For life sciences discovery and technology professionals, working with 3D culture has numerous advantages, including emulation of the in vivo environment; high cell yields from less laboratory space; and a significant reduction in costs of labor and consumables.
Wouldn’t it be great to turn on the lights and discover right-sized, perfect throughput, custom-designed instruments in your own lab? The latest benchtop automation devices, using space-saving components and open source software, offer endless possibilities for small and mid-sized labs to increase throughput while decreasing costs.
In the past, laboratories used a glass blower and an in-house machine shop to churn out customized parts needed for experiments. Then, 3D printers arrived with an on-demand supply of wares made of everything from plastics and metals to wax and living tissue. Now, open source platforms put the real power of 3D printing into the hands of life sciences discovery and technology professionals. A new JALA Special Collection reveals how easy it can be to incorporate this technology into your research.
In 2017, SLAS’s two scientific journals will begin their 22nd year of publication with new names and taglines! The journal we’ve known as the Journal of Biomolecular Screening (JBS) will become SLAS DiscoveryTM (Advancing Life Sciences R&D); and the journal we’ve known as the Journal of Laboratory Automation (JALA) will become SLAS TechnologyTM (Translating Life Sciences Innovation).
If a tree falls in a forest and no one is around to hear it, does it make a sound? Similarly, if an innovator has a good idea but no means of spreading the word, can the idea move forward to successful implementation? The SLAS Innovation AveNEW program gives life sciences discovery and technology start-up companies a forum to put their good ideas in front of the global community for collaborative interaction and exposure – and a fighting chance for success in the marketplace.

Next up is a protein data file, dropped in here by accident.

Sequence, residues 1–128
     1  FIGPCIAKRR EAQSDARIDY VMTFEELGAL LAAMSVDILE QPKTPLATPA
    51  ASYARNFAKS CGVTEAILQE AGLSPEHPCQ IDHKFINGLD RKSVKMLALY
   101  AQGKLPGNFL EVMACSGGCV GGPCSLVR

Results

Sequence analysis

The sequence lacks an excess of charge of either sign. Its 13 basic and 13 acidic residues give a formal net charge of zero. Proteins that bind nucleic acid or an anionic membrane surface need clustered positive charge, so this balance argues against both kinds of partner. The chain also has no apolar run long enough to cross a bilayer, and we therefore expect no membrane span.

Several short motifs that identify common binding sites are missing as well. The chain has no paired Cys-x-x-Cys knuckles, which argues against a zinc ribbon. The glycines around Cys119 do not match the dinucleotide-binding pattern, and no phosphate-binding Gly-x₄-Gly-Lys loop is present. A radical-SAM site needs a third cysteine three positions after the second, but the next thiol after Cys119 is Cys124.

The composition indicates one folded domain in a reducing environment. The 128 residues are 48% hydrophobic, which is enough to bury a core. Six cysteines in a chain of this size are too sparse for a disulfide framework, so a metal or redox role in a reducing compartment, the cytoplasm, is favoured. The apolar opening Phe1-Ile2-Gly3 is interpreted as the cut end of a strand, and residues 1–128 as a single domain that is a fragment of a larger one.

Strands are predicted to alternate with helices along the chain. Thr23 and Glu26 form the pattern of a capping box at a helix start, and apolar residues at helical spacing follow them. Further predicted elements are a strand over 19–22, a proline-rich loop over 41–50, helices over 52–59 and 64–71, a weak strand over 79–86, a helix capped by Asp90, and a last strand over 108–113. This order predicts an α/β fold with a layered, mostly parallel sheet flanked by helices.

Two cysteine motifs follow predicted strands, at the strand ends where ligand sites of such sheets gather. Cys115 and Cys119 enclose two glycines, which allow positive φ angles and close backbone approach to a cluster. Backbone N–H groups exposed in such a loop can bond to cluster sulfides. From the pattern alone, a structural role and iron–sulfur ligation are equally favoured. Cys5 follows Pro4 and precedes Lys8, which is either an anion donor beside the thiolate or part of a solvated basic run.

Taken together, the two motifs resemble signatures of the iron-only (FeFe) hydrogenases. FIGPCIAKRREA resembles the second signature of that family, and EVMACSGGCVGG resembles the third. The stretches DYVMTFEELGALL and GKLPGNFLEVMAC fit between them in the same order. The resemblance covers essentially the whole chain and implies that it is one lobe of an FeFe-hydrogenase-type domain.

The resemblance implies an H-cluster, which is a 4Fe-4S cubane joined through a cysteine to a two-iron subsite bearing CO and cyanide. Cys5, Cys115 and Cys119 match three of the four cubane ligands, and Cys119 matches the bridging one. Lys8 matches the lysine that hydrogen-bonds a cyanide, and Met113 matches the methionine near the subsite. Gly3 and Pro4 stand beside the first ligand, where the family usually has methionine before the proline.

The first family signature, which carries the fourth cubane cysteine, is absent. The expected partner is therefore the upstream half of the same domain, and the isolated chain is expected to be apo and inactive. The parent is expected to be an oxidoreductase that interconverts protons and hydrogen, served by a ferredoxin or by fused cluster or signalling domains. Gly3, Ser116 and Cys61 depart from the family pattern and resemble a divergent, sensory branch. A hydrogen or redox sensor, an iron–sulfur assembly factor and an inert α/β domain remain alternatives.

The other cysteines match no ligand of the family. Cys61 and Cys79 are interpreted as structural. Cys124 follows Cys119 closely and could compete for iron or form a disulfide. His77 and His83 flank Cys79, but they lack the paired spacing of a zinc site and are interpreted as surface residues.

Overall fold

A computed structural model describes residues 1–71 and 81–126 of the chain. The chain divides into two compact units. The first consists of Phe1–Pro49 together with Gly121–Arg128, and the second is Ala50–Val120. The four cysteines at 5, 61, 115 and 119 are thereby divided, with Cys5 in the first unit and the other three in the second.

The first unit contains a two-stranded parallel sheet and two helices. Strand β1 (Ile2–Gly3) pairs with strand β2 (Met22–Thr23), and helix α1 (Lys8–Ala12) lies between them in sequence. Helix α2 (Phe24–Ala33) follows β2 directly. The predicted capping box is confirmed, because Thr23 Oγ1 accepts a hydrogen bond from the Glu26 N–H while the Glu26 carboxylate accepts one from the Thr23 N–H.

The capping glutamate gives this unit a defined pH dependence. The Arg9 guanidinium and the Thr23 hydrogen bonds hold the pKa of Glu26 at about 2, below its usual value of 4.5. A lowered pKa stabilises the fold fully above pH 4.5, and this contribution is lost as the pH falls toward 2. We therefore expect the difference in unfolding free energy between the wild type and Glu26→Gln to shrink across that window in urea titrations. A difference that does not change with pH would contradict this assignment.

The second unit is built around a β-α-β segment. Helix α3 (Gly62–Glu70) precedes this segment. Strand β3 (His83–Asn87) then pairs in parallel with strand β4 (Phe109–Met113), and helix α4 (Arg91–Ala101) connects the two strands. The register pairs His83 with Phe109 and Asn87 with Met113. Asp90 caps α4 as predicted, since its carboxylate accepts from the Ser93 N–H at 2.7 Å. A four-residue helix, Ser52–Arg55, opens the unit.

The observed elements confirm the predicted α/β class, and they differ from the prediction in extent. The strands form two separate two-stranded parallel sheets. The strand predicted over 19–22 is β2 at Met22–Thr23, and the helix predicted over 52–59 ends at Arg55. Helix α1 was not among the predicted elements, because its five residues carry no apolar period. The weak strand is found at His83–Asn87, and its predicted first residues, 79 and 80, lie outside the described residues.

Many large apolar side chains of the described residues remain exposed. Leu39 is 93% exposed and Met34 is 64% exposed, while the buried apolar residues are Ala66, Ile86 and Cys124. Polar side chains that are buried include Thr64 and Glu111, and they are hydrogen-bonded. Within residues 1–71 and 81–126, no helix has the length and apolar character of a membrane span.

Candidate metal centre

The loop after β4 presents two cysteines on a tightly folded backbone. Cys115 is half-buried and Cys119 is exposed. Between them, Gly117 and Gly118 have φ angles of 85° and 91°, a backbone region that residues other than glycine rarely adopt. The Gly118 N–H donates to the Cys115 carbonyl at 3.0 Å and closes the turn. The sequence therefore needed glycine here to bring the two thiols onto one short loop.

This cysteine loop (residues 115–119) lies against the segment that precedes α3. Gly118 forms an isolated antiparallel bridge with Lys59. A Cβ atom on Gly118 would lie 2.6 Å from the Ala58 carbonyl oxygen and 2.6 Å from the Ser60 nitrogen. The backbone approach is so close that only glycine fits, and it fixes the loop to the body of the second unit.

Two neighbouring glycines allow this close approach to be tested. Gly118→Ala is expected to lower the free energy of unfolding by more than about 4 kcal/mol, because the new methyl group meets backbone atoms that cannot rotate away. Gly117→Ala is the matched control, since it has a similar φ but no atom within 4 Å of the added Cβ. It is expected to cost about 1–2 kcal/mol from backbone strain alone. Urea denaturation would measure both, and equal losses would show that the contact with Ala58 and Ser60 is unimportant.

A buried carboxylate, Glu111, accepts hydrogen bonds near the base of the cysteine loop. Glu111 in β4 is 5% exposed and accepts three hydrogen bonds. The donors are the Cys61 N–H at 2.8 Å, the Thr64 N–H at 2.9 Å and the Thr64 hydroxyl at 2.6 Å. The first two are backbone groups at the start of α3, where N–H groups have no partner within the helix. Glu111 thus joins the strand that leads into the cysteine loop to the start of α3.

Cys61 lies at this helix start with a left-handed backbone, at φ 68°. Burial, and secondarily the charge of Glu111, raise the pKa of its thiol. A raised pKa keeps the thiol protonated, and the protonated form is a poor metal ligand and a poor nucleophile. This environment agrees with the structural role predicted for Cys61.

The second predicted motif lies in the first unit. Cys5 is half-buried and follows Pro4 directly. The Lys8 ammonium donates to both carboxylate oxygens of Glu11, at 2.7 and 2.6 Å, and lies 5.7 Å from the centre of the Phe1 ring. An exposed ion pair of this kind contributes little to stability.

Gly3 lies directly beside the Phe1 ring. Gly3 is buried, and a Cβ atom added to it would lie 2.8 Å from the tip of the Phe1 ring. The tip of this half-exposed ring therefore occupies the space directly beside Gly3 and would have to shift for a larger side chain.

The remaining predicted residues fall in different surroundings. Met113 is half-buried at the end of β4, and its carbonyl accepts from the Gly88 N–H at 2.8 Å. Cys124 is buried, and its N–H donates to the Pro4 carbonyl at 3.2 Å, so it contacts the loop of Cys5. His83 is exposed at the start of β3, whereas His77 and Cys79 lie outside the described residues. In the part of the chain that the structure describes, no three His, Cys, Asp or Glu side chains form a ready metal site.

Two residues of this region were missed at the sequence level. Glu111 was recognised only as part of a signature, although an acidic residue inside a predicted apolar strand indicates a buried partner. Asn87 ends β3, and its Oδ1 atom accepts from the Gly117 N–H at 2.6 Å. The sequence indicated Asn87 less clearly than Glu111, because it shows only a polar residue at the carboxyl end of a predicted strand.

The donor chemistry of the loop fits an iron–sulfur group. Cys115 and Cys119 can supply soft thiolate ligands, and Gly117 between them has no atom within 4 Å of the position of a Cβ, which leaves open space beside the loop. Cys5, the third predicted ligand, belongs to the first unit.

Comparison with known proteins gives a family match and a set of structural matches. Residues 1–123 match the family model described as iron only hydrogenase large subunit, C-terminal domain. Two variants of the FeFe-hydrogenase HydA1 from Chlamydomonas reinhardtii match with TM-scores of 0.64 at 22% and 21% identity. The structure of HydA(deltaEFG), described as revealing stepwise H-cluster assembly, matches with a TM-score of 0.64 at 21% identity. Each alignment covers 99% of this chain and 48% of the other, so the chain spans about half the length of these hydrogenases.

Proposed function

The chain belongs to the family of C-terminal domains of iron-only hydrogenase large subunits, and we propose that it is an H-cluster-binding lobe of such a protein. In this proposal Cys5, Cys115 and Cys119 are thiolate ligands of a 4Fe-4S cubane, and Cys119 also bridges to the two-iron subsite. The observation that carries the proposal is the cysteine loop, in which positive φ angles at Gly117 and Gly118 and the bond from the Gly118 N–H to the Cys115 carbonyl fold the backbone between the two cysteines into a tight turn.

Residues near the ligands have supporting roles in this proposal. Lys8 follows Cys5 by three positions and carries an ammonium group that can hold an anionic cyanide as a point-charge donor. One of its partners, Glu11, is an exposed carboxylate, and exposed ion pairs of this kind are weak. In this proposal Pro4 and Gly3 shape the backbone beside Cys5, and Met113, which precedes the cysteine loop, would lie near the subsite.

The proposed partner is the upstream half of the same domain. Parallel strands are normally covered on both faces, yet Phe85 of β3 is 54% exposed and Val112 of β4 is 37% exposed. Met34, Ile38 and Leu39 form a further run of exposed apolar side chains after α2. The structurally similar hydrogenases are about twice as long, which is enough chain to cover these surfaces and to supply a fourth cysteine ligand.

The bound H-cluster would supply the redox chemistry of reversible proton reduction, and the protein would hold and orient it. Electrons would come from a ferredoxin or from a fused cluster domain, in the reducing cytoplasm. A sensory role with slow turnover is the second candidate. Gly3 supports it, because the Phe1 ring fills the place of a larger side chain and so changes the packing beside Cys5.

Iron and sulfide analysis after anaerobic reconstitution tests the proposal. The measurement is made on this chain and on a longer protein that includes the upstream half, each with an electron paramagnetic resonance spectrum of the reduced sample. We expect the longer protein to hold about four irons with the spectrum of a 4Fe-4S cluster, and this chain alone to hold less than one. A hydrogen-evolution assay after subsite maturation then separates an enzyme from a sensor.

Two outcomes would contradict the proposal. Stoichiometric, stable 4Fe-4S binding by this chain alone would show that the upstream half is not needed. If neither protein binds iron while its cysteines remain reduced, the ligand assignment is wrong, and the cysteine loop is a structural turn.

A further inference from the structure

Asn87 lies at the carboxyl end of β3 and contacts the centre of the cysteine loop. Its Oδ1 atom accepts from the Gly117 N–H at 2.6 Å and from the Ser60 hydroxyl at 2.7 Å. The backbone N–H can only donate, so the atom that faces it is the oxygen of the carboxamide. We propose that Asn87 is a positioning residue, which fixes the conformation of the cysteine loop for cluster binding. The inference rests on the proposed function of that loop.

Meet the first SLAS Graduate Education Fellowship Grant recipient: A keen collaborator who wants practical, yet complicated, science – such as microfluidics – to be more user-friendly. An engaging educator who helps high school students find the joy of discovery. A tireless innovator whose pursuits in high-throughput screening will benefit from the generous funding of the SLAS grant.
It has been five years since the SLAS Electronic Laboratory Neighborhood (SLAS ELN) e-zine began bringing to life the people behind the science and technology that drive the SLAS life sciences community forward. The SLAS ELN is the place to learn more about like-minded colleagues and their personal and professional achievements.
New treatments for central nervous system (CNS) disorders are urgently needed, yet many companies have scaled back their work in this area, citing “high costs, lengthy development times and low success rates,” according to an editorial in a new Journal of Biomolecular Screening (JBS) Special Issue on Innovative Screening Methodologies to Identify New Compounds for the Treatment of Central Nervous System Disorders. Novel screening approaches could help turn the tide.
As you likely have heard, the SLAS Graduate Education Fellowship Grant program recently became real when Erik M. Werner, a Ph.D. candidate from the University of California, Irvine, was proudly named the recipient of our first $100,000 grant award. This announcement follows years of thoughtful planning and financial stewardship by members of the SLAS Board of Directors, SLAS Americas Council and the SLAS Awards and Grants Committee.
Brian Buckley likes a hands-on challenge no matter where he’s working – in his woodshop building a bookcase, in the lab trouble-shooting an assay or with a committee constructing career development programs for newcomers to life sciences discovery and technology.